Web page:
According to Mike Livingston of Livingston and Co. Inc. on U.S. 52 in Portsmouth, former Gov. Ted Strickland in 2008 signed into law updates to existing recycling laws that pertain to purchasing scrap metals and the record-keeping involved.
The law requires scrap yards to obtain certain information from each seller: a valid photo I.D., license tag, time, date and description of materials sold for each transaction.
Reputable businesses take those precautions and keep extensive records, Livingston says, to avoid enabling thieves to sell stolen property.
“We take a picture I.D. or driver’s license, license plate number, what time you were here, what it was you brought in. Everything is on video from the time you pull in until the time you leave,” Livingston said. “Everything you take in should be logged and turned in to local law enforcement, either once a week on paper or once a day electronically. We do it electronically.”
“When prices started to rise dramatically in 2006, we realized that writing down names and addresses for each transaction was not going to be enough,” he said. “By January of 2007, we had spent over $20,000 in new computers and custom-built software that would make it easy to find any transaction from any of our customers.”
Police can search for information at any time through the computerized system Livingston’s uses to track stolen property or those who might be selling it.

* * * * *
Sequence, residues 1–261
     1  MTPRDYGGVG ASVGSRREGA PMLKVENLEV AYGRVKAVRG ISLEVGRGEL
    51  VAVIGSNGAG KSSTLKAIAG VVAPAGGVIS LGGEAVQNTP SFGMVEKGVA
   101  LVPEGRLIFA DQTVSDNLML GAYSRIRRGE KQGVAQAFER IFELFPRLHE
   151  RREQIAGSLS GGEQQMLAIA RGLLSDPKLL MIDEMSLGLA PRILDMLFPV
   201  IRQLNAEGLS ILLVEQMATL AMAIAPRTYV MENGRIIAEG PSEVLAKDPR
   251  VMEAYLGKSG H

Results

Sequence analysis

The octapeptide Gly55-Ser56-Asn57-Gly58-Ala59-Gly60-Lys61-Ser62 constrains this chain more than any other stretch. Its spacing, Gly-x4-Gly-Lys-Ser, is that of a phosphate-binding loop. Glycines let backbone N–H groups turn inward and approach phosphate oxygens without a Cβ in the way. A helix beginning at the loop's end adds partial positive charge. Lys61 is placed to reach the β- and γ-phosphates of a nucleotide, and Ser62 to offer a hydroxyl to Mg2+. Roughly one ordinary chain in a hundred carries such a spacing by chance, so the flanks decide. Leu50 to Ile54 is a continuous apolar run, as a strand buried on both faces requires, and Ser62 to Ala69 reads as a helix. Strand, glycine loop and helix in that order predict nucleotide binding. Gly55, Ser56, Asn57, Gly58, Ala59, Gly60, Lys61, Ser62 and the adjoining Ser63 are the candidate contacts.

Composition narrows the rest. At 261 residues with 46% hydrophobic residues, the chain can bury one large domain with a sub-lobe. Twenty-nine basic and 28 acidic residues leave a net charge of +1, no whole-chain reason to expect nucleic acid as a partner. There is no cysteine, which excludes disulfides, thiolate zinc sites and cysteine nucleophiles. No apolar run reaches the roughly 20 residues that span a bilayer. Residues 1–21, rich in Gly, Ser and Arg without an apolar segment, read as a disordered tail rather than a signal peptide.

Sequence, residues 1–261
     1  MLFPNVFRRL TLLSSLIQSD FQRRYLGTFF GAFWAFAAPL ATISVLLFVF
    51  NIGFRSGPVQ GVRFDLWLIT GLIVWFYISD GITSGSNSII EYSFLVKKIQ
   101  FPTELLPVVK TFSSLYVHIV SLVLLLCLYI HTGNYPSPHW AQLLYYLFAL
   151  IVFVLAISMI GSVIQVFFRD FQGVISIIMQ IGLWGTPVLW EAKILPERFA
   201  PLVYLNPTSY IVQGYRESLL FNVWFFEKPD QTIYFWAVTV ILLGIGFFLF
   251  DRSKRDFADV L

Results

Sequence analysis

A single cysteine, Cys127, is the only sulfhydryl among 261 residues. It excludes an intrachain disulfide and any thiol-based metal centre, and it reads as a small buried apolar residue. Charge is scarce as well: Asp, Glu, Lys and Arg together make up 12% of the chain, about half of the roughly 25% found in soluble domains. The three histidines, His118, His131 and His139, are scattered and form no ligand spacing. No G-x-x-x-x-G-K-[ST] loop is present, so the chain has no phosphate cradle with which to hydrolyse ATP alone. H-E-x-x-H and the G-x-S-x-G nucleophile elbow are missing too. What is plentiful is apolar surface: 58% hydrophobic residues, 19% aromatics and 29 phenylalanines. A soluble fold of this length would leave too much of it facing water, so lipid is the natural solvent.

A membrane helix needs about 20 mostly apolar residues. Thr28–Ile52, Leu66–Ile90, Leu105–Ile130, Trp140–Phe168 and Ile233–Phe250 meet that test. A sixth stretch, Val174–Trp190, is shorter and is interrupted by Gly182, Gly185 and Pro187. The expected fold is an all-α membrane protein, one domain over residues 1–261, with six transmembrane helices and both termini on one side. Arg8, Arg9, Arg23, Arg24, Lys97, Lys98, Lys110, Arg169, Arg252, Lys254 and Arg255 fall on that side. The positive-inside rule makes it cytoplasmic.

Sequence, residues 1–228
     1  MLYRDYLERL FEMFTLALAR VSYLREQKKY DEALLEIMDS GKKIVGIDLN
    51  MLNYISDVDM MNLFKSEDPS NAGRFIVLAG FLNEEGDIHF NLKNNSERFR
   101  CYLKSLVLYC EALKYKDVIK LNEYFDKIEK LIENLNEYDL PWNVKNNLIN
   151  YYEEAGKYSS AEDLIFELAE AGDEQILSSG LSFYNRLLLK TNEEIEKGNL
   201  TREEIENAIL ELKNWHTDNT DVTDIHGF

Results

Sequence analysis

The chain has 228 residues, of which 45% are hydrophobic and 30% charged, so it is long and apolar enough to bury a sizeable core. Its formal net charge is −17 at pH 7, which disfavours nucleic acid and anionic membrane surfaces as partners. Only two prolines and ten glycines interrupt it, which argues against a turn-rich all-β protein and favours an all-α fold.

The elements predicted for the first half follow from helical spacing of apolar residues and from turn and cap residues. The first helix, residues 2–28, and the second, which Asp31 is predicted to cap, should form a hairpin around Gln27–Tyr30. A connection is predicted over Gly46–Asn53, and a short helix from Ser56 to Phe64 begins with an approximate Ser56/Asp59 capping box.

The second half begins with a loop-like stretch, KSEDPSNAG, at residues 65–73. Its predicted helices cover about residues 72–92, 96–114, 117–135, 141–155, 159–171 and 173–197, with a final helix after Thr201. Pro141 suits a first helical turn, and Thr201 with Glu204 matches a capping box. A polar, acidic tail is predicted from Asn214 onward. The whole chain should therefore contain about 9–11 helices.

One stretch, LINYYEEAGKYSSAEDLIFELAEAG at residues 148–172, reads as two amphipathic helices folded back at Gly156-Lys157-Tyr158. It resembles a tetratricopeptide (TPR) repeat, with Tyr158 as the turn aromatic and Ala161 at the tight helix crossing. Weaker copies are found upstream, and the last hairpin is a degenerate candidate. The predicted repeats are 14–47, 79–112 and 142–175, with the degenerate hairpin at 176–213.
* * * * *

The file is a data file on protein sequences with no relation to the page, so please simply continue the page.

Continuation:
Exclusions to this kind of strict recording of transactions are made for “common recyclable materials” such as beverage cans, cardboard and glass.
Even with all of the security measures, however, suspicious items are sometimes still sold. Livingston said telephone and railroad companies have been dealing with huge copper theft problems lately.
“Someone brought in 80 pounds of telephone wire recently. But before the guy could even get out of the parking lot, we were on the phone with AT&T’s security department in Columbus telling them what we had,” he said.
“The State of Ohio writes all of these laws but they don’t have anybody that enforces them. Until everybody gets on the same page and tries to do the right thing all the way around it’s never going to stop. Until all of the scrap yards abide by the rules and regulations set forth by the State of Ohio, copper theft will always be a problem,” Livingston said. “As long a there are people out there willing to get out and steal it, there are places that are willing to buy it.”
Recycling law sets strict guidelines for the metals that can be sold by the public.
What can be sold with the proper identification and record keeping includes, but is not limited to, scrap copper (various forms and grades), scrap aluminum (various forms and grades), stainless steel (such as pans, pipes and other household items), red and yellow brass, sheet iron (bicycles, vehicle body parts and other items) and lead.
What cannot be sold includes beer kegs, manhole covers, grave markers or plaques, roadside guardrails, utility wires or grocery carts.
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